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The Smurfs: A Magical Smurf Adventure DVD Review

The Smurfs: A Magical Smurf Adventure DVD cover art -- click to buy from Amazon.com Smurfs: A Magical Smurf Adventure (1982)
Show & DVD Details

Creator: Peyo / Executive Producers: William Hanna, Joseph Barbera /
Producer: Gerard Baldwin / Story Editors: Len Janson, Chuck Menville, Glenn Leopold

Story: Creighton Barnes, John Bates, John Bonnaccorsi, Doug Booth, Alan Burnett, Patsy Cameron, Claire Geber, William Hasley, Catherine Johnson, Richard Kadrey, Bob Langhans, Bob Nesler, Joseph Neustein, Frances Novier, Ted Pederson, J. Michael Reaves, Jeff Segal, David Villaire, Marc Scott Zicree / Story Supervisors/Concepts: Peyo, Yvan Delporte

Supervising Director: Ray Patterson / Directors: George Gordon, Bob Hathcock, Carl Urbano, Rudy Zamora / Assistant Directors: Bob Goe, Terry Harrison, Bill Hutten

Voice Cast: Don Messick (Papa Smurf, Azrael), Paul Winchell (Gargamel), Lucille Bliss (Smurfette), Danny Goldman (Brainy Smurf), Michael Bell (Johan, Lazy Smurf, Handy Smurf, Grouchy Smurf), Frank Welker (Peewit, Hefty Smurf, Poet Smurf), Hamilton Camp (Greedy Smurf, Harmony Smurf), Henry Polic II (Tracker Smurf), William Callaway (Clumsy Smurf, Painter Smurf), Alan Oppenheimer (Vanity Smurf, Homnibus), June Foray (Jokey Smurf), Marshall Efron (Sloppy Smurf), Henry Corden (Graco), Kenneth Mars (Yves)

Running Time: 191 Minutes (10 episodes) / Rating: Not Rated (TV-Y equivalent)
1.33:1 Fullscreen (Original Broadcast Ratio), Dolby Digital Mono 1.0 (English)
Subtitles: English (for Hearing Impaired); Not Closed Captioned; Extras Not Subtitled
Original Airdates: September 18, 1982 - November 27, 1982
Suggested Retail Price: $19.98 / DVD Release Date: July 19, 2011
Two single-sided, single-layered discs (DVD-5s)
Black Eco-Friendly Keepcase

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La, la, la-la, la, la, sing a happy song. La, la, la-la, la, la, smurf the whole day long.

Back in the fall of 1999, when I made sure to catch it weekly, "Saturday Night Live" featured a short sketch fake-advertising NBC's next big miniseries. In the tradition of "Merlin" and "Noah's Ark" came "The Smurfs", an ambitious, star-studded live-action production. The joke, of course, was that such an idea was ludicrous. "The Smurfs" was just one of the crazier cartoons of the 1980s, born out of a Belgian line of comics and European PVC figurines, and full of fantasy mythology.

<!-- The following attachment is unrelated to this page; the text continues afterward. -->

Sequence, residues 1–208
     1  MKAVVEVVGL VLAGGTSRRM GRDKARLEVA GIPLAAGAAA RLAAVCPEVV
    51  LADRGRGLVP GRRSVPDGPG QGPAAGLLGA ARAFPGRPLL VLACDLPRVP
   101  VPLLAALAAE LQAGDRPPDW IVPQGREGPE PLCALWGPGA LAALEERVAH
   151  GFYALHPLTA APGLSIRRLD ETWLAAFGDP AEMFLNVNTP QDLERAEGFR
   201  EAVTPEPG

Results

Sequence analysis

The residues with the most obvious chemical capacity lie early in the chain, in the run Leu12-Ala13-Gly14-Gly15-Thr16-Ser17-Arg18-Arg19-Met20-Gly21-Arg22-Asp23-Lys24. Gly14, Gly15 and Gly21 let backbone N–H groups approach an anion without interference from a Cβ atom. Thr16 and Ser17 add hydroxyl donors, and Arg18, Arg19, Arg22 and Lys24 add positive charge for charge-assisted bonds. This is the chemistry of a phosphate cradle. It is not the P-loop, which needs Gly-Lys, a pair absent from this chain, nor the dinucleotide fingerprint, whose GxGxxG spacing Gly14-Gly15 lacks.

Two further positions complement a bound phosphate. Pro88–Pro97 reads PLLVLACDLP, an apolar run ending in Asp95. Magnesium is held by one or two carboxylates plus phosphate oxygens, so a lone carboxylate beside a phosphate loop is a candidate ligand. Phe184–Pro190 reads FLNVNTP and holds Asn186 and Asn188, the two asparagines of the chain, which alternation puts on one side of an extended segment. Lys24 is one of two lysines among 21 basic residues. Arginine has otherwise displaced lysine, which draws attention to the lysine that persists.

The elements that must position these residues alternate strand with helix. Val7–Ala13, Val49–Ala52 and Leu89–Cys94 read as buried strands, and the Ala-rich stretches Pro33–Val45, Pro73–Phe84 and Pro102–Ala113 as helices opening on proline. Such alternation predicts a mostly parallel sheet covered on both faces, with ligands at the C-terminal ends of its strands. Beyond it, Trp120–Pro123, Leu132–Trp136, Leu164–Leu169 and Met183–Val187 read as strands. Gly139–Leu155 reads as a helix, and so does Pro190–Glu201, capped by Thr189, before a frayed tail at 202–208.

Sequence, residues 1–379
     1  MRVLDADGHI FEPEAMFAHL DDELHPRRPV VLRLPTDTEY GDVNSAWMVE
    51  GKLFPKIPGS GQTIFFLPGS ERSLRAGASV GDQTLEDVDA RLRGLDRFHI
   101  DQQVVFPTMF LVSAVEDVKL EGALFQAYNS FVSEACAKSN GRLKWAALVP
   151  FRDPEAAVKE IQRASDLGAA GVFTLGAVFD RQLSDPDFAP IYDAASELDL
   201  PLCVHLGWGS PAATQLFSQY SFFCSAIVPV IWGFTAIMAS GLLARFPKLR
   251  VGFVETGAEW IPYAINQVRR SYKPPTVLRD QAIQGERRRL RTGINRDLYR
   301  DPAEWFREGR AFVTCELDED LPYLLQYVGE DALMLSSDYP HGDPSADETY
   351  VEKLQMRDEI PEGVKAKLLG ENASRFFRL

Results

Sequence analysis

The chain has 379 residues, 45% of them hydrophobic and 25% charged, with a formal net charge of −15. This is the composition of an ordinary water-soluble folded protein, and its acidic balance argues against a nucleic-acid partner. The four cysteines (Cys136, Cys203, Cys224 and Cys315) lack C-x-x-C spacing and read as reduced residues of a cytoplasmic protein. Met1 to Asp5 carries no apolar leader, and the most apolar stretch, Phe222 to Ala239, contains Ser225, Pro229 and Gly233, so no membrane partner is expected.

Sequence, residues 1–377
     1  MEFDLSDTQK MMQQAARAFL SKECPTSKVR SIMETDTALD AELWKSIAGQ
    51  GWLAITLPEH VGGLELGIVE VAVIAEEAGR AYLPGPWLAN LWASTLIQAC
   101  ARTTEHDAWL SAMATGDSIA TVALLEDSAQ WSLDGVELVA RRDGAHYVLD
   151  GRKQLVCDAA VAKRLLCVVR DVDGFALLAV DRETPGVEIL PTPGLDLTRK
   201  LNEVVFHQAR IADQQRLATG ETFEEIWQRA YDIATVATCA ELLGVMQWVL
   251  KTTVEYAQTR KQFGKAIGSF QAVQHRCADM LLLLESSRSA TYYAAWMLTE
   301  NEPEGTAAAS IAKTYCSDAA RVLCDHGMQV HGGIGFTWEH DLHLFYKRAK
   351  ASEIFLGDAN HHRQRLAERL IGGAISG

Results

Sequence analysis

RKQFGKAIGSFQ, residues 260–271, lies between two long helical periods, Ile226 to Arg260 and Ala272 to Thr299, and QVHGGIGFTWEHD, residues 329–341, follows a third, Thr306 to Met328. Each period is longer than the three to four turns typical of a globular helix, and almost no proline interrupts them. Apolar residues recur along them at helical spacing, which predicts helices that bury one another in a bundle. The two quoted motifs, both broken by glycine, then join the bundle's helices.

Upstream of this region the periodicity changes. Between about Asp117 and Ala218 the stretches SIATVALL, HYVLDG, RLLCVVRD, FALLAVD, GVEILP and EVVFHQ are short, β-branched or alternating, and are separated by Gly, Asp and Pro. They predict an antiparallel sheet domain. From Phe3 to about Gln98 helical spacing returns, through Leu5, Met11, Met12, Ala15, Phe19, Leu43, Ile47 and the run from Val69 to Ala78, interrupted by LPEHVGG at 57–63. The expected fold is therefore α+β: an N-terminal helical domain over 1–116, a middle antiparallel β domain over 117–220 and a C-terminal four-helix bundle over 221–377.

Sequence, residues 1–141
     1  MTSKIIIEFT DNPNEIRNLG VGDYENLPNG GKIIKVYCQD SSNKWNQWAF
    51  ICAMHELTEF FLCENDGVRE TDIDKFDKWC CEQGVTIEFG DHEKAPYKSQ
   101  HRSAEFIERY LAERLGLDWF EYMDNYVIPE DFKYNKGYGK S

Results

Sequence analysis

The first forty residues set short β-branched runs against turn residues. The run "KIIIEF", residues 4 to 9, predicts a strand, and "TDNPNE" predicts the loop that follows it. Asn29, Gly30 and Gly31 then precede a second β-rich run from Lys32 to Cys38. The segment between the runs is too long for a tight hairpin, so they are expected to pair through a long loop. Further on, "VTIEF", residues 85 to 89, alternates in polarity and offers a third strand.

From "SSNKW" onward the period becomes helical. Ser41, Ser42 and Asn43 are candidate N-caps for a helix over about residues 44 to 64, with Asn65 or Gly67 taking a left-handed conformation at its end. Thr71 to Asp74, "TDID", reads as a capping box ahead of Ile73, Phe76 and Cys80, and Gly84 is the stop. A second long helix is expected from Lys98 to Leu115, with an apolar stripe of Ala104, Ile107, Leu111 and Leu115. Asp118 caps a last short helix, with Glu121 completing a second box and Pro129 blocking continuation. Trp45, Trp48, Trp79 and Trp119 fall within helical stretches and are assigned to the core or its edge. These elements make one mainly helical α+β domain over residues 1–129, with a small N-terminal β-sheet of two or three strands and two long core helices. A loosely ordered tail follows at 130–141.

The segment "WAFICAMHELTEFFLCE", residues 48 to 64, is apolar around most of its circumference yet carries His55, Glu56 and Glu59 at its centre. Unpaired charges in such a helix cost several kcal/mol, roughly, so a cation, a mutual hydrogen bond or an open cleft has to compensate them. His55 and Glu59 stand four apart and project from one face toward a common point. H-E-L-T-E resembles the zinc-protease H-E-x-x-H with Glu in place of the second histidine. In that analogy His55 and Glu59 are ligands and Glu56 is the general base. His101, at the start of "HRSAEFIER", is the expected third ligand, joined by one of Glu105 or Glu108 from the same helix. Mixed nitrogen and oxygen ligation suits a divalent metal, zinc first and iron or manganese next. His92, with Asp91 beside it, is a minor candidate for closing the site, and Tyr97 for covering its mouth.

The show was already being forgotten and here, NBC had gotten the likes of Sean Connery (Darrell Hammond), Al Pacino (Chris Kattan, son of real-life Tailor Smurf voice Kip King), and Garth Brooks (himself) to don blue make-up all over their upper torsos and replace verbs and nouns with variations of "smurf." You can watch the commercial here. It's still only mildly amusing, but I do remember it all these years later.

As you probably know, the Smurfs are actually returning to theaters at the end of this month, riding a wave of 1980s nostalgia nearly thirty years after The Smurfs and the Magic Flute played stateside. The new movie, simply titled The Smurfs, may seem even more absurd than that imagined NBC miniseries. Still, there is clear precedent for such a project in the two Garfield films, Yogi Bear, and the soon to be trilogy of Alvin and the Chipmunks. Like those, The Smurfs will place computer-animated leads in our live-action world, letting celebrities (among them, George Lopez and Katy Perry) voice them across from seen and therefore more culpable actors, Neil Patrick Harris, Jayma Mays, and, in the role of Gargamel, Hank Azaria. Naturally, the film will be exhibited in digital 3D.

Two of the ten episodes on the "A Magical Adventure" DVD call the show "Smurfs' Adventures", as a 1987 syndication package did. The merry music-making of the 19-piece Smurf orchestra gets cut short by a forest fire in "The Cursed Country."

The release of a major motion picture to over 3,000 theaters presents Warner Home Video with a golden opportunity to put out another Smurfs DVD. Demonstrating that childhood memories of this show aren't as vivid and fond as those of other TV cartoons, Hanna-Barbera Productions' "The Smurfs" (1981-1989) took its time to come to DVD, debuting in February 2008 and not selling well enough to keep being churned out at a regular rate. The 20-episode, two-disc Season 1, Volume 1 set was followed by a comparable release of the next 20 episodes. After that, Warner continued to sell the series in order but in single discs consisting of just five episodes. Three of those, sent to stores in 2009, got us fifteen episodes into Season 2, and then the studio stopped, doubtlessly knowing that the brand's awareness was to get a big boost in the form of a major family film. The new Smurfs will almost certainly get terrible reviews. It could do pretty good business, though Chipmunks-type numbers are definitely out of play this lackluster summer. And if people don't like the movie, well, then they can convince themselves that the animated TV series it was based on was much better.

To verify that, Warner gives us A Magical Smurf Adventure next Tuesday, July 19th. The original series' sixth and latest DVD release aims for a medium between the 5-episode platters and 20-episode collections. It contains ten episodes on two discs and carries a $19.98 list price. With consistency already off the table, the new combination should appeal more to casual fans and to passionate collectors than the prior discs did.